Northern Ireland

Over this past weekend I went on my second and last Foundation of International Education (FIE) trip to Northern Ireland. Somewhat surprisingly many people are unaware that Northern Ireland is in fact it’s own country that still remains part of the United Kingdom unlike Ireland. We left early Friday morning to make the three-hour drive up to Belfast, the capital of Northern Ireland. Leading up to this trip we learned a lot about the dark history of Northern Ireland. For decades Northern Ireland has been at war with itself between two sides battling for national identity. One side the Unionist support the belief that Northern Ireland should remain part of the UK while the Nationalist belief that Northern Ireland should return back to Ireland. This bloody warfare continued until recently when a seize of arms was passed. However there will still be occasional shootings and bombings in uprisings. Belfast is still a very divided city. Most communities are completely split between Catholic (Nationalists) and Protestant (Unionist). The schools, shops, and pubs everything is considered to represent one side or the other. Most communities are completely walled in with gates that close from 7pm-7am every single day. The gates wouldn’t even open for emergency vehicles. As soon as we entered Belfast you could physically feel the despair of these people who have lived their whole lives fighting their neighbors.

The first stop in Belfast our group made was a two-part tour led by members on both sides of the Northern Ireland divide. Our first tour guide supported the Unionist side. He showed us a long wall of graffiti that has pictures and messages of peace and hope for the country. Our first tour guide was very friendly and really preached the message of wanting peace between both sides. Our next tour guide was a member of the Nationalist side and a member of the IRA. He was a prisoner of war who was caught by the police while on his way to place a bomb in the city center 15 years ago. He spoke a lot about the sadness and loss of identity he felt by being part of the United Kingdom and said he regarded himself as Irish. He showed us a memorial site for 12 people innocent people who died during the war. Both sides were extremely interesting to listen to and you could really tell this wasn’t a black and white case. Nobody could say for certain which side they supported. After this tour we went and grabbed lunch in the city center and then visited the parliament building. We discussed the different political parties and how they represent both sides on the war and government’s role in the war. We then checked into our hotel and ate dinner there. Since it was Halloween we walked around the city then and watched the huge firework shows that were happening everywhere we looked.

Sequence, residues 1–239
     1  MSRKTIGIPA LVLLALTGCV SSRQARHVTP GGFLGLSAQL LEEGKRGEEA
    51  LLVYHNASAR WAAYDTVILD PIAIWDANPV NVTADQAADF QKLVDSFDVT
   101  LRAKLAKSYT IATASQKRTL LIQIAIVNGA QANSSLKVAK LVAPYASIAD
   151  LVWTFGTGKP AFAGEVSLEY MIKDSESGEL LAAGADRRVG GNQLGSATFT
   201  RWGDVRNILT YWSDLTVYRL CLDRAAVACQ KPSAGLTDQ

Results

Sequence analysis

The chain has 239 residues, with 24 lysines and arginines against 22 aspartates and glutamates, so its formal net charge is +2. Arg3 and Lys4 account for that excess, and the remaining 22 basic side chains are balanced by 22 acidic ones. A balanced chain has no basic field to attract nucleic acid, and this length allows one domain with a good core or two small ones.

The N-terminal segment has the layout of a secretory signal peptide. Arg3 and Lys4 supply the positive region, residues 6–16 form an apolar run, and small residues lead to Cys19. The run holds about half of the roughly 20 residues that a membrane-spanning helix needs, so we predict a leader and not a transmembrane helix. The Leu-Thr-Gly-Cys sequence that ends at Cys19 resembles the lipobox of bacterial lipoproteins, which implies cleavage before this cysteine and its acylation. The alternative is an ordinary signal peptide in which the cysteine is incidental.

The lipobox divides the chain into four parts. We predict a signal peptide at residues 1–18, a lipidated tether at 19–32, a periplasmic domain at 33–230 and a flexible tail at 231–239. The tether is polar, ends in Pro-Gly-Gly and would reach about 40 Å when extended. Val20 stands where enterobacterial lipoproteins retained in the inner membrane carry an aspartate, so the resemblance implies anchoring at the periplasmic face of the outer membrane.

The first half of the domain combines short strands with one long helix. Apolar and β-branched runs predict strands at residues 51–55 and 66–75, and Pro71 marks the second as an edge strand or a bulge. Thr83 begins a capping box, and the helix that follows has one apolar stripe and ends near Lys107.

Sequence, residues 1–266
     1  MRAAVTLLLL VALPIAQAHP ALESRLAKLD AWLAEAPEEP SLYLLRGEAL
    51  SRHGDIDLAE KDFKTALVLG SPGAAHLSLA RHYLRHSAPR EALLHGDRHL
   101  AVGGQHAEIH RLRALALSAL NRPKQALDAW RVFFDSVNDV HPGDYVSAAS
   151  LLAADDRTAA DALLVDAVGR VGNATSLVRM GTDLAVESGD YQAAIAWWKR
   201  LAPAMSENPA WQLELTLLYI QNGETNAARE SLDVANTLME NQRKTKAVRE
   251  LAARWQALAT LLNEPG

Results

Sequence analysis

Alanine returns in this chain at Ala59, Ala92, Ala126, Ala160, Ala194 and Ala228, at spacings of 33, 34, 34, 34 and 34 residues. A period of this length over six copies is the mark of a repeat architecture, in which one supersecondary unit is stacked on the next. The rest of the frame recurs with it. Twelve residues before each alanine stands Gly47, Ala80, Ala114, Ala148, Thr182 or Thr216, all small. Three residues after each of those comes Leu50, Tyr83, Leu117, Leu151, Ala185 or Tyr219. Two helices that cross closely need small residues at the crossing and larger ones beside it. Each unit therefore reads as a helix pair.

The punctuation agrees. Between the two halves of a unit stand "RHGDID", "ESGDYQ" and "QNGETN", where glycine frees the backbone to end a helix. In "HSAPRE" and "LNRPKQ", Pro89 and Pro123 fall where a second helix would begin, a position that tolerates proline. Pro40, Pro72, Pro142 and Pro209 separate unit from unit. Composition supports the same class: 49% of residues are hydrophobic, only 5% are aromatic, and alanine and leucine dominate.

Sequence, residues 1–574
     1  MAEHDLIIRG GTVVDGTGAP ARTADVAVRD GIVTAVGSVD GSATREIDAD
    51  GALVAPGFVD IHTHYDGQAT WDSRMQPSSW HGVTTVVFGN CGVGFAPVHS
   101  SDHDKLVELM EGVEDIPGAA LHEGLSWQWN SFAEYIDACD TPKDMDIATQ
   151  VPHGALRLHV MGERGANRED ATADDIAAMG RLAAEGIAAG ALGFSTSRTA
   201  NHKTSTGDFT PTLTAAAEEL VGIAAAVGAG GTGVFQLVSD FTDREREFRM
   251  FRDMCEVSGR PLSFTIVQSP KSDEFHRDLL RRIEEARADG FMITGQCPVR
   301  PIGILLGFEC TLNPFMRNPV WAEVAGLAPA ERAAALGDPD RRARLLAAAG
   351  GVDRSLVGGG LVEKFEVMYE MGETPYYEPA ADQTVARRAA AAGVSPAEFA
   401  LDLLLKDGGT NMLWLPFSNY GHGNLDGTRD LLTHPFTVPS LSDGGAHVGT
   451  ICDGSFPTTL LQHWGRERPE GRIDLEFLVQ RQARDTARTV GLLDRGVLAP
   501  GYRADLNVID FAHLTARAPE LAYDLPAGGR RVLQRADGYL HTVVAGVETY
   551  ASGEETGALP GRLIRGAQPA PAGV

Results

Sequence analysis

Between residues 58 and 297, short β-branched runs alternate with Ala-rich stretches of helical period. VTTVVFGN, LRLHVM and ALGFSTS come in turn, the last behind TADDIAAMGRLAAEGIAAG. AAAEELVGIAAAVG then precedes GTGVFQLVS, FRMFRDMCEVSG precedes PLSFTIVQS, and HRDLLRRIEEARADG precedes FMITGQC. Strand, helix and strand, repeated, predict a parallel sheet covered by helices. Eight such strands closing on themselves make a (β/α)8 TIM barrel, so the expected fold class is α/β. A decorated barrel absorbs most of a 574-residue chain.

On Saturday we spent a beautiful day outdoors! Our first stop was Crick-a-Rede Rope Bridge right on the coast. We were able to see the beautiful blue sea with rolling green hills as we walked around. We were also able to cross this rope bridge to an isolated Ireland, which was so fun and a little scary! After lots of photos we went to the Giant’s Causeway, a geological masterpiece. Formed by an ancient volcanic eruption creating octagon shaped columns. Legend has it that the rock formations came from Giants that used to inhabit the area. This day was my favorite of the entire trip because we were really able to see beautiful scenery in Northern Ireland. We drove to Derry to spend the night there.

On Sunday morning we got up early to have a walking tour of Derry. The tour was quite chilly but really interesting. Derry was famous for major fighting in the war and many died here in battle. There are Peace Walls spread throughout the city that were memorials to those who lost their lives. We then went to a small museum that spoke about the fighting in Derry. The man working at the museum was incredible to listen to. He himself fought in the war and his younger brother was shot in the street during the battle. The museum was completely heartbreaking to see all those who lost their lives during the war. After the tour we headed back to Dublin.

Our trip to Northern Ireland was a memorable one. I learned so much about Northern Ireland’s history and the hurt people still feel there. Even though most the trip was quite somber I also really enjoyed our time in Giant’s Causeway to lighten things up.


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